March 2013 Bar Bulletin
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March 2013 Bar Bulletin

SU Law Student Argues Before Ninth Circuit

By Katherine Hedland Hansen


Will Witherspoon, a fourth-year student at Seattle University School of Law, had the rare opportunity recently to argue before the Ninth Circuit Court of Appeals, challenging policies at the Special Commitment Center on McNeil Island that require residents to be strip-searched and shackled during transport to off-island medical appointments.

Witherspoon's argument in Hois­ing­ton v. Williams was under the supervision of Korematsu Center Clinical Teaching Fellow Anjana Malhotra and Korematsu Center Executive Director Bob Chang. He argued that the visual, body-cavity searches and shackling of civilly committed detainees constitute punitive conditions of confinement and unreasonable searches and seizures given that residents are under constant armed guard during transport and other, less-intrusive alternatives are available at the facility.

The judges and professors were impressed, with Judge Milan Smith congratulating Witherspoon on his advocacy and comparing him to the attorneys he hears.

"He did a fantastic job," Chang said. "Will's great performance is also a credit to the superb legal education he received at our law school and to the tremendous help he received from so many of our colleagues and members of the practicing bar who took the time to moot him over the last two months."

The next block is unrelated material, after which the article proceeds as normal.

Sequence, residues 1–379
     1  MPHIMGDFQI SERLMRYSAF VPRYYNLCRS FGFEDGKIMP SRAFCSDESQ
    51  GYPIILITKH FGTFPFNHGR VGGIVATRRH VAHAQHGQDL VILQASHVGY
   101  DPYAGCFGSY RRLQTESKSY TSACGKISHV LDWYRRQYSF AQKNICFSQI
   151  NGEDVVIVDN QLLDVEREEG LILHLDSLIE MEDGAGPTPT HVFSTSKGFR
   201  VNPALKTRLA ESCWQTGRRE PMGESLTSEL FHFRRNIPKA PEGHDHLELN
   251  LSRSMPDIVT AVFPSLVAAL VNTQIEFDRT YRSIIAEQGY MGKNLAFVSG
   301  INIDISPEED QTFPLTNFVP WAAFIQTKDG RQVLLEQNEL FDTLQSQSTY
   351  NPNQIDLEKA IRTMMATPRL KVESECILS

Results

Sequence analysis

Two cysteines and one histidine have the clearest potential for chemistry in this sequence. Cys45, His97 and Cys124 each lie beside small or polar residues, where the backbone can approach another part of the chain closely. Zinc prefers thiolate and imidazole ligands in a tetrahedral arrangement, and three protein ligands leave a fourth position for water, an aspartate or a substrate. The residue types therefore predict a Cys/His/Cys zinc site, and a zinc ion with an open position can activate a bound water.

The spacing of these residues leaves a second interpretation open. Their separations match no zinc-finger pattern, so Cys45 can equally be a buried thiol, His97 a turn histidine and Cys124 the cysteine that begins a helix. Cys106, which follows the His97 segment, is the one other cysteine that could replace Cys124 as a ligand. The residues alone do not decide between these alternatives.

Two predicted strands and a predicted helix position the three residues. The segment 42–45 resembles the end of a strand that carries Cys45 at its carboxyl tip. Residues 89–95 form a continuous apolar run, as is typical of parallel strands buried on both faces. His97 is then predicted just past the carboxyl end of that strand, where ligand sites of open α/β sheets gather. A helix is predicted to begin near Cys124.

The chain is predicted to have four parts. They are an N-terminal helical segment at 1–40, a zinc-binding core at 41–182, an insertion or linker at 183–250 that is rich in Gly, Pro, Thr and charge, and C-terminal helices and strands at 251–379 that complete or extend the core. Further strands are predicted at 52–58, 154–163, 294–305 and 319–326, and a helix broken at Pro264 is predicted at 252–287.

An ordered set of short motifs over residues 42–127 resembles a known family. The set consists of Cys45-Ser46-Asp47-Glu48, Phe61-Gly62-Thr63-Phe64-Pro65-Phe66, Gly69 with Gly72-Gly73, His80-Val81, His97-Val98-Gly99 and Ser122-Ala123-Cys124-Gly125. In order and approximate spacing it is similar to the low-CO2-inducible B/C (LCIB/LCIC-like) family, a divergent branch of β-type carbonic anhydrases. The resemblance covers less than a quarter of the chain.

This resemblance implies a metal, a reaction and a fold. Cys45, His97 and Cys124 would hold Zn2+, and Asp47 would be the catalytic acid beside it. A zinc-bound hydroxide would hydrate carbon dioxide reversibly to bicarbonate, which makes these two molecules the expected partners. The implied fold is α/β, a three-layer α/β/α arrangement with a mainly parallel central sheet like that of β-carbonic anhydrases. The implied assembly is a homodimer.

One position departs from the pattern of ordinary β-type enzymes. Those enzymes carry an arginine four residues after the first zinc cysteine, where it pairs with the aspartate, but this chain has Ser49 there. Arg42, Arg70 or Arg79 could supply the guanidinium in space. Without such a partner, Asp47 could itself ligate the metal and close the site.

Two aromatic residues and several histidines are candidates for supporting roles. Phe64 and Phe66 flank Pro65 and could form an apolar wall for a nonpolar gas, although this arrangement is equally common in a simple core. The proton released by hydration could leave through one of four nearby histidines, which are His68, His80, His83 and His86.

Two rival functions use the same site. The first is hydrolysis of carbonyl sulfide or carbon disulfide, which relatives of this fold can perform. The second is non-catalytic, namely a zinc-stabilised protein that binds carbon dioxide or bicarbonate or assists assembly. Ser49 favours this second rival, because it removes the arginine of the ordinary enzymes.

Witherspoon started work on the case with Elise Fandrich and other students in the law school's Civil Rights Amicus Clinic last spring and was actively supported in his preparation by faculty, members of the practicing bar, and Student Fellows of the Fred T. Korematsu Center for Law and Equality.

Malhotra, who teaches the law school's Civil Rights Amicus Clinic, contacted the Ninth Circuit regarding cases that students might handle. Given the civil rights focus of the clinic and the pressing need to provide legal assistance to pro se clients in Washington, she and Chang agreed this was an excellent case for them.

"This case is significant because, in it, we argue that there are limits on the way that the state can treat individuals held in indefinite civil detention," she said. "Because Monte Hoisington has already served his sentence and is civilly detained, he has greater constitutional rights than prisoners."

Witherspoon is grateful for the opportunity and the support from law school, faculty and the attorneys who helped him.

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